February 12, 2014 12:00pm PT by Scott Feinberg
Oscar Breakdown: Best Actress
Prior to the 86th Oscars on March 2, THR's awards analyst Scott Feinberg will present an eight-part series of posts breaking down the key facts and figures pertaining to each of the "big eight" Oscar categories. (For his predictions, see the weekly "Feinberg Forecast" post.) This post focuses on the best actress Oscar race.
And the nominees for the best actress Oscar at the 86th Oscars are...
For her accent-shifting, cleavage-baring, no-holds-barred performance in American Hustle, Amy Adams is heading to the Oscars as a nominee for the fifth time in nine years -- this is her second nom in four years for a David O. Russell film and first ever in the leading category -- a rare and remarkable feat. The well-liked redhead has never had a meatier part and is the category's only nominee who has not previously won an Oscar, which could work in her favor among those who keep up with such stats. She has already won the best actress (musical or comedy) Golden Globe Award -- and she has a still-pending BAFTA Award nom, as well.
Cate Blanchett, though, appears to have an even better chance at claiming her second Oscar. (She previously won in the supporting category for The Aviator nine years ago.) The widely-revered thesp has earned some of the year's best reviews for her return to the big screen -- after six years of essentially being away from it -- in Woody Allen's Blue Jasmine. Allen has said that he wrote the part of a rich wife who loses her money and her husband specifically for her. One downside: unlike Adams, Bullock and Dench, her film is not nominated for the best picture Oscar. Nevertheless, she has already won Critics' Choice, Golden Globe and SAG awards and prizes from the New York Film Critics' Circle, Los Angeles Film Critics Association and National Society of Film Critics, among many others.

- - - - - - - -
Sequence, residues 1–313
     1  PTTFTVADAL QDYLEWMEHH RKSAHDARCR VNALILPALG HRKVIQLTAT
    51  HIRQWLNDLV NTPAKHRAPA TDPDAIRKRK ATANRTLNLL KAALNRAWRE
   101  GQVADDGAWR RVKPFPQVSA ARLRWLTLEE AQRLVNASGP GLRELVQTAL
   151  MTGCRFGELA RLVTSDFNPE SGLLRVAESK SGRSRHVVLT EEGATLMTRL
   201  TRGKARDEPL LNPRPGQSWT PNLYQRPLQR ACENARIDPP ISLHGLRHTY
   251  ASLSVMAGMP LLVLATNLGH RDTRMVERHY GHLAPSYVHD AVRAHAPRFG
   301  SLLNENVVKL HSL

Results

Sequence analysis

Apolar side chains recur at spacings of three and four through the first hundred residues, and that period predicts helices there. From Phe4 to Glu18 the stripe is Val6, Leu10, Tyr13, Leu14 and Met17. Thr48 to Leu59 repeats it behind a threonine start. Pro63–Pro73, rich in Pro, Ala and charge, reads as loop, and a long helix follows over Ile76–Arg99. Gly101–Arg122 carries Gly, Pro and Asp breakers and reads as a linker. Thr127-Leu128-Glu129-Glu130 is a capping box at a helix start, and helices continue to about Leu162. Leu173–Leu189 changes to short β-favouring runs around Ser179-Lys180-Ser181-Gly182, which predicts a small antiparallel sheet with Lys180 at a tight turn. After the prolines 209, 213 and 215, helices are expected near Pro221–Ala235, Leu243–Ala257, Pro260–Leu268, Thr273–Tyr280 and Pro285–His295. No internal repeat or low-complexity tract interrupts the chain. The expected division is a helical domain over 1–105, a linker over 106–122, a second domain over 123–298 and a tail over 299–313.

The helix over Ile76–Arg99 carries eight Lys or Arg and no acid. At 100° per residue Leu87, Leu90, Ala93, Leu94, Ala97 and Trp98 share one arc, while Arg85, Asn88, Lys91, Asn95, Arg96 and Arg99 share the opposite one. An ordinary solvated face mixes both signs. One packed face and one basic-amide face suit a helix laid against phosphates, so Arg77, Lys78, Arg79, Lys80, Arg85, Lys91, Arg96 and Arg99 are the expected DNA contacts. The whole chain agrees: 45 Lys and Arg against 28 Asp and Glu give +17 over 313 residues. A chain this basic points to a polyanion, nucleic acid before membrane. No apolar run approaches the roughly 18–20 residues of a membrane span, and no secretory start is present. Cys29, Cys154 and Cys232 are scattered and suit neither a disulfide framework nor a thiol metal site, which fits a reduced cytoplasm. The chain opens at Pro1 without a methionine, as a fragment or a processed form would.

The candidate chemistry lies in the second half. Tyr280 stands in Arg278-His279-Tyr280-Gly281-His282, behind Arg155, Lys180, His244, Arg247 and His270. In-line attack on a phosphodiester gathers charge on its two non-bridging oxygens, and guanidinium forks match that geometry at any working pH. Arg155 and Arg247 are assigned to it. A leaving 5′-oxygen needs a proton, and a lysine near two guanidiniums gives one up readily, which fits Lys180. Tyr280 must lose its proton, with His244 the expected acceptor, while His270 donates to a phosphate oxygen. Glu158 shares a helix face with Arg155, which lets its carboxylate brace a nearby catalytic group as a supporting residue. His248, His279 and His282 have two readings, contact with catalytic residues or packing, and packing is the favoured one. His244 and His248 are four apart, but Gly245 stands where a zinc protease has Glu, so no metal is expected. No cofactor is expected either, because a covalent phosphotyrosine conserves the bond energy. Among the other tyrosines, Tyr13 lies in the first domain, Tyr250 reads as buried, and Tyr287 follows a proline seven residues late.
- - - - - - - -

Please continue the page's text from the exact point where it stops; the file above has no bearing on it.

Sandra Bullock, this category's winner four years ago, is back in the race for her portrayal of an astronaut lost in space in Gravity. Her harrowing performance is all the more remarkable because it was captured with her acting opposite a bunch of machinery that does not in the slightest resemble the world in which she appears in the finished film; all of that was added later with visual effects, some of which didn't exist prior to this film. This is the fourth best picture Oscar nominee that she has anchored in the last nine years. Since winning the lead actress Hollywood Film Award at the outset of this awards season, she has been nominated for Critics' Choice, Golden Globe and SAG awards -- and has a still-pending BAFTA Award nom, as well.
This category's most senior nominee is 79-year-old Judi Dench, who landed her seventh Oscar nom -- all of which have come in the last 16 years, since she turned 63, a record -- for her portrayal of a woman in search of her long-lost child, in Philomena, which is based on the true story of Philomena Lee. Though Dench has not been around to campaign much this awards season, she, like Streep, has the advantage of having Harvey Weinstein campaigning on her behalf. Thus far, she has picked up Critics' Choice, Golden Globe and SAG noms -- and has a still-pending BAFTA Award nom, too.
And then there is perennial nominee Meryl Streep, whose acknowledgment for her scenery-chewing turn in August: Osage County extended her record number of total acting noms to 18, 15 of which have come in this category. The fact that Streep won this category for the second time -- her third overall Oscar -- just two years ago, along with the widely mixed feelings held toward her film, will probably keep her from picking up another little gold man for her mantelpiece this year. Regardless, she has already picked up Critics' Choice, Golden Globe and SAG noms.
The bottom line: Blanchett is the prohibitive favorite, having already won literally every major award for which she was eligible. Being sucked into the Woody Allen-Dylan Farrow situation has somewhat taken people's attention away from her remarkable performance, but it won't be a game-changer, nor should it be.